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digitalmars.D - Interface as argument restriction

reply nail <nail_member pathlink.com> writes:
Hi all.

If I want to receive a class as an argument I write
void foo(Object o)

But is there a way to specify that I want to receive only interfaces (or
interface s and classes) ?
Jan 24 2005
parent reply Norbert Nemec <Norbert Nemec-online.de> writes:
nail wrote:

 Hi all.
 
 If I want to receive a class as an argument I write
 void foo(Object o)
 
 But is there a way to specify that I want to receive only interfaces (or
 interface s and classes) ?

The question itself does not make sense: An object in memory is always an instance of some specific class. There is no such thing as an instance of an interface. A reference that you pass to a function therefore is always a pointer to a class instance, even if it is handled as a interface reference. Therefore you cannot "receive interfaces" at all (except, of course, that you work with class pointers, but I don't think that is what you are doing.)
Jan 24 2005
parent reply =?ISO-8859-1?Q?Anders_F_Bj=F6rklund?= <afb algonet.se> writes:
Norbert Nemec wrote:
 nail wrote:
If I want to receive a class as an argument I write
void foo(Object o)

But is there a way to specify that I want to receive only interfaces (or
interface s and classes) ?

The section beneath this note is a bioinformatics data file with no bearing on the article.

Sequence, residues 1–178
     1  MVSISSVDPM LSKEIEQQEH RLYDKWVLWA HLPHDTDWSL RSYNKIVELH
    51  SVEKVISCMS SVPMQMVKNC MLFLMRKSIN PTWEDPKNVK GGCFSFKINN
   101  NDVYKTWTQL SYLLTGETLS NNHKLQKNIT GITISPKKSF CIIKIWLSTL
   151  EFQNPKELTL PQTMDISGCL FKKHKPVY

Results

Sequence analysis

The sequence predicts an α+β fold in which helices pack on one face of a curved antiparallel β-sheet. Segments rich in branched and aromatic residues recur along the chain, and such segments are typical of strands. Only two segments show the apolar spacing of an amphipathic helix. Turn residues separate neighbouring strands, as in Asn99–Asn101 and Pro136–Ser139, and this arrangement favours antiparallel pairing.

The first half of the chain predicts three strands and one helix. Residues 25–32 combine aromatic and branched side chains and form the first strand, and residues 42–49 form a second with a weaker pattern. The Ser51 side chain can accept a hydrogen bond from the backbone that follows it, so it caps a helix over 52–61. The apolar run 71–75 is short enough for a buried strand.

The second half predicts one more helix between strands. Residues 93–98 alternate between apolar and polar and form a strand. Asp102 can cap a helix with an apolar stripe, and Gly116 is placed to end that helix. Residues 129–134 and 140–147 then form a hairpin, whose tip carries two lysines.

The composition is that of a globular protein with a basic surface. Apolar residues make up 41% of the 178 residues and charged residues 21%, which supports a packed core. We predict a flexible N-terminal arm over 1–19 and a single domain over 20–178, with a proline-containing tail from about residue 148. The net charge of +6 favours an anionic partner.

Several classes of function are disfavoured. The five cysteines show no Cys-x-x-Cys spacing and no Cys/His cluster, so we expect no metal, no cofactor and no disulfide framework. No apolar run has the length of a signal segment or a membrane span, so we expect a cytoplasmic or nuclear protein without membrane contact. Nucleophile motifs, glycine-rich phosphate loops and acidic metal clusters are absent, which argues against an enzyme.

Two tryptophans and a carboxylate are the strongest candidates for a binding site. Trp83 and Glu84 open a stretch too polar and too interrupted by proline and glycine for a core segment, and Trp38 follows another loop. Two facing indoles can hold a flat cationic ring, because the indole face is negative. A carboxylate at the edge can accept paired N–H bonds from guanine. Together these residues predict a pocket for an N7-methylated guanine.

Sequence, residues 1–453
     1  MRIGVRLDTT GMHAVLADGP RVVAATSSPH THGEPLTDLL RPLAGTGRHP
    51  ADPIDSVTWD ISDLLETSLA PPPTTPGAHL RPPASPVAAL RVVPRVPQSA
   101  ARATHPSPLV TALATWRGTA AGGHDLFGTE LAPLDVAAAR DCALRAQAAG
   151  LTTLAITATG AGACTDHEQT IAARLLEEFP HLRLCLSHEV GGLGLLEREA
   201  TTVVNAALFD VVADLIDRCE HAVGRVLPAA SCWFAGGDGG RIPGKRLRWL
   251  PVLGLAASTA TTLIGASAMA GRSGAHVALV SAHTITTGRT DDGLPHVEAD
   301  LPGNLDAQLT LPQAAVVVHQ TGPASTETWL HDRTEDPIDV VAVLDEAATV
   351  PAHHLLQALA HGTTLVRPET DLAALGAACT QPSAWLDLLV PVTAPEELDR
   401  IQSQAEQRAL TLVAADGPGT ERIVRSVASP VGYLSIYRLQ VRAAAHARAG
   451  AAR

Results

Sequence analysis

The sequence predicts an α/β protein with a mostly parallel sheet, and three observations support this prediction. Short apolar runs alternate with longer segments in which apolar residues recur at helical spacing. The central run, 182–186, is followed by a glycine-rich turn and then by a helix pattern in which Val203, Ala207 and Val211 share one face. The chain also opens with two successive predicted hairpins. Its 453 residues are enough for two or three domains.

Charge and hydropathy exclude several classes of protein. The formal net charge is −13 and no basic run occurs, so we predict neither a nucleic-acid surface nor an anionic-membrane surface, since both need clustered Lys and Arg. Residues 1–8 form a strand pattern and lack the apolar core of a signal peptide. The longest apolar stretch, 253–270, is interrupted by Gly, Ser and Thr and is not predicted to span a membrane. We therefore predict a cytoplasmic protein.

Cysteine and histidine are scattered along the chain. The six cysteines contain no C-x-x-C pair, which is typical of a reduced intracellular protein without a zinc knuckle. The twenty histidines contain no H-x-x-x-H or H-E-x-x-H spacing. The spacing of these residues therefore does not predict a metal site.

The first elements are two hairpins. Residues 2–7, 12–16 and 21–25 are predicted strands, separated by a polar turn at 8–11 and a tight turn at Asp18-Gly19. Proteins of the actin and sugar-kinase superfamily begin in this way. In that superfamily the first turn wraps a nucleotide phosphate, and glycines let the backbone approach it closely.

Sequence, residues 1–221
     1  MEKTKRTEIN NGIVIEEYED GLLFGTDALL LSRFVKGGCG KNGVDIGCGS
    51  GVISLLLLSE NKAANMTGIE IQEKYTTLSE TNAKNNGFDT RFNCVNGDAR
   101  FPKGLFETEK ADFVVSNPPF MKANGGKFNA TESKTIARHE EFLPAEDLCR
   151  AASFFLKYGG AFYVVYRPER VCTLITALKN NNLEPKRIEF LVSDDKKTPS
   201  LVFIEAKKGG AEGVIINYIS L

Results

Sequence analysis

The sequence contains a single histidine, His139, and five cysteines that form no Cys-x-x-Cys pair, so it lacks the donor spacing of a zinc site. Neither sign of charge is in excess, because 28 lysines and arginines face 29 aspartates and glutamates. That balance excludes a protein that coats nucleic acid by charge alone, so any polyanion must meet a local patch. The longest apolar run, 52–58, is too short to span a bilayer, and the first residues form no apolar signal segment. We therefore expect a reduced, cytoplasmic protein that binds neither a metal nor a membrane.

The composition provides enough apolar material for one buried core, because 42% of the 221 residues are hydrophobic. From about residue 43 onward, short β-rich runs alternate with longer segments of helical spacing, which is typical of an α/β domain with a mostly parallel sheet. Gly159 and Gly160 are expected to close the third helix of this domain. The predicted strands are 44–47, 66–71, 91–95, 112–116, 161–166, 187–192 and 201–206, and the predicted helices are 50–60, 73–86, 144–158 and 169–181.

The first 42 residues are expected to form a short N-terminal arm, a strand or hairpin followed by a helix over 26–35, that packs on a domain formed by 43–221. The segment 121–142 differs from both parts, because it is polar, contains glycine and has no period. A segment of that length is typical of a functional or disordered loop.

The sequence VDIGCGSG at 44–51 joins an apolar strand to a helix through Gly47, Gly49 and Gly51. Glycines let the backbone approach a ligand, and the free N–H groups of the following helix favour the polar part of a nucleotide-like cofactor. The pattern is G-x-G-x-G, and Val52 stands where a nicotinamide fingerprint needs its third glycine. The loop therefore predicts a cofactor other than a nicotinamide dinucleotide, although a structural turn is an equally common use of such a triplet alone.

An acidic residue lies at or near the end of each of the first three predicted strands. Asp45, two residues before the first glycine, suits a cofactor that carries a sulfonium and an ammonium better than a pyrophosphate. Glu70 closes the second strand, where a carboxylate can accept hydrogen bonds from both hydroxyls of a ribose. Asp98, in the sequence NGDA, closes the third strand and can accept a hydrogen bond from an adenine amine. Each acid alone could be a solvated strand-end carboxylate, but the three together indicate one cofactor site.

The question itself does not make sense:

 Therefore you cannot "receive interfaces" at all (except, of course, that
 you work with class pointers, but I don't think that is what you are
 doing.)

If you only want to accept objects *implementing* a certain interface: void bar(Interface i) much like: void foo(Subclass O) But that was not what nail asked... (you would still get Objects always) --anders
Jan 24 2005
parent reply nail <nail_member pathlink.com> writes:
If you only want to accept objects *implementing* a certain interface:

	void bar(Interface i)

much like:

	void foo(Subclass O)

But that was not what nail asked... (you would still get Objects always)

--anders

Well, well, well. Sorry for complication in my post. I'll try to explain my problem. I have some array that maps ClassInfo to uint, ala uint myArray[ ClassInfo ]; Then I have some function foo, that must get two arguments of type class or interface that uses that array, i.e. interface I {} class C : I {} void foo(Object x, Object y) { uint idx1 = myArray[x.classinfo]; uint idx2 = myArray[y.classinfo]; ... } int main() { I x = new C(); I y = x; foo(x, y); // compile error // I can do following foo(cast(Object)x, cast(Object)y) // but it's too long :) return 0; } That is my problem. I don't want use cast(Object) or make function in template, just be able to receive interfaces and classes, not basic types. Ideas?
Jan 24 2005
next sibling parent Chris Sauls <Chris_member pathlink.com> writes:
This is simple... because its already available.  (Just check out the Mango
library over at dsource.org to see it used /extensively/.)

Given an interface Foo:
#
#  interface Foo { ... }
#

You can specify it in any argument list, such as:
#
#  uint doSomething(Foo foo) { ... }
#

And the function will only accept an instance of a class implementing that
interface as its argument.

Ta da!  :D

-- Chris Sauls
Jan 24 2005
prev sibling parent reply Norbert Nemec <Norbert Nemec-online.de> writes:
nail wrote:
 interface I {}
 class C : I {}
 
 void foo(Object x, Object y)
 {
 uint idx1 = myArray[x.classinfo];